Amazon Kids+ does have a few useful parental options
You can establish daily usage limitations and a bedtime after which Amazon Kids material is no longer available. Go to Settings > Daily Time Limitations. (Note that Settings refers to the Amazon Kids+ Settings, not the full device settings.)
You may manage your child’s access to in-app purchases and add content in addition to choosing the age range, because any stuff you’ve purchased (from Amazon) isn’t immediately added. To add purchased content on your children’s devices, go to Explore > See Content Shared With > Child Profile Name.
The Parent Dashboard allows you to keep track of what your children are seeing. This is the web interface’s and the app’s default view.
You may disable the browser entirely, but Amazon Parent Dashboard child will be limited by default to hand-curated, age-appropriate websites and videos picked “for their kid-friendly, educational, and entertainment content,” according to Amazon. Go to Settings > Web Browser Modification.
You can also limit your child’s access to Alexa skills on any Amazon device in your home. Go to Alexa Skills > Settings.
Suggestions and Techniques
It can be difficult to keep Amazon Parent Dashboards of what your children are doing on Amazon Kids+. I find up spending the most of my time in the web interface because it’s easier to manage several profiles that way, and I can do it from my laptop rather than searching for my children’s Kindles.
If your children use the app on a device other than a Fire tablet, you should enable some non-Kids+ settings. I recommend activating the Blue Shade option, which filters blue light on your device. To use Blue Shade, go to your device’s settings and then select Display > Blue Shade. Sign up for the Fast Ahead Newsletter to find out what’s next in technology, from artificial intelligence and self-driving cars to altered cities and new startups. Your email address Put your email address here.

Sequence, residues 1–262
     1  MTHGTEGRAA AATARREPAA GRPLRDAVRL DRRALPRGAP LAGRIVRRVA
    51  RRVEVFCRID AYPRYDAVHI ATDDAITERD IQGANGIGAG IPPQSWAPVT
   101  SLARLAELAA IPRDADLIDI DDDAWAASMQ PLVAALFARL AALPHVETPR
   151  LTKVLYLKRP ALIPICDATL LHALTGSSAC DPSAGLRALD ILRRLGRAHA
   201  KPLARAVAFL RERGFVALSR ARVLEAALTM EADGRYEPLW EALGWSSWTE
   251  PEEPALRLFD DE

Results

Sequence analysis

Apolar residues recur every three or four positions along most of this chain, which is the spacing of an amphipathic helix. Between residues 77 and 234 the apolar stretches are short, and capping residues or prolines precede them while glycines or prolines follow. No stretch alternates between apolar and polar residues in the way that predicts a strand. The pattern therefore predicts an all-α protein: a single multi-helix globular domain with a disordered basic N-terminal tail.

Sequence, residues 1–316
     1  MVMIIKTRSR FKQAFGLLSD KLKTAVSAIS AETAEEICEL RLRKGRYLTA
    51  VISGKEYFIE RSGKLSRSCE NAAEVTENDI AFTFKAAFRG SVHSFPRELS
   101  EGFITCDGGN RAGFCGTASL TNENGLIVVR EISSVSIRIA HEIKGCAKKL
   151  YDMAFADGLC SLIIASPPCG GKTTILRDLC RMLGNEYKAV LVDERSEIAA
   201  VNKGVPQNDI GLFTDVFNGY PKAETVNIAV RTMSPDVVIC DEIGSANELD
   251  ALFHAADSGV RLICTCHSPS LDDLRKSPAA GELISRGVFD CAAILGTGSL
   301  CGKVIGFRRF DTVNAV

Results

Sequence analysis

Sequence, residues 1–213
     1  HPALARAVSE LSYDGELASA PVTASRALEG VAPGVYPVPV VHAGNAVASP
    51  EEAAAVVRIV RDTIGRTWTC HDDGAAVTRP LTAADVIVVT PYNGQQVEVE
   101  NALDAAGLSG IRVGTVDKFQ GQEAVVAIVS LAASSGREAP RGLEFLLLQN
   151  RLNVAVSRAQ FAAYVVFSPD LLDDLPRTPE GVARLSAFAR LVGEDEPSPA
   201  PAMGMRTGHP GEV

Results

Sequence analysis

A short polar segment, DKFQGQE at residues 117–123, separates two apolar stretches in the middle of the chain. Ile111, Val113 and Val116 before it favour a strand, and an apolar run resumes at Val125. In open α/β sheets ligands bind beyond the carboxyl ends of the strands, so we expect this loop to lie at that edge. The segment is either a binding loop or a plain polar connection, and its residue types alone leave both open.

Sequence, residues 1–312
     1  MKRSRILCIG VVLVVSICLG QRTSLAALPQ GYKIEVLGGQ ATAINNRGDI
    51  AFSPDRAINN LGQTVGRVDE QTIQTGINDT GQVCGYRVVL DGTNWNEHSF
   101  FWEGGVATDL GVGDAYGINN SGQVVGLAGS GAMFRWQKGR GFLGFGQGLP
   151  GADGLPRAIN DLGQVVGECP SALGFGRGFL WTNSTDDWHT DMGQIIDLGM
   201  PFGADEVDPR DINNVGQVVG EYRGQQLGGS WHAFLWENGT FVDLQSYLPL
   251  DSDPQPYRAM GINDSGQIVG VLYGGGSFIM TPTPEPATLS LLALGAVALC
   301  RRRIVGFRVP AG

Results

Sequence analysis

The dashboard’s daily reports include colourful pie charts for time spent in four categories under FreeTime: books, video, apps, and games. When you click on any pie chart, the site will show you how much time your child spent per day in that category, as well as a summary of every video viewed, book read, or game played. Inside these lists, parents can access flash cards, which Amazon refers to as “conversation cards,” that provide a fast overview of the show or app watched, as well as common questions parents can ask their children.
For example, the discussion card for the Strawberry Shortcake Berry Beauty Salon app says my daughter may “do hair, apparel, and make sure nails are shining,” and I can ask open-ended questions like “What element of this game do you appreciate the most?” or “How did you play this game using your imagination?”
At best, these reports and flash cards could help Amazon Parent Dashboard become more active in their children’s digital lives and encourage their children to read more and play less. At worst, the daily reports may simply serve as guilt-inducing reminders of how much time their children spend viewing movies (OK, maybe that’s just my kids).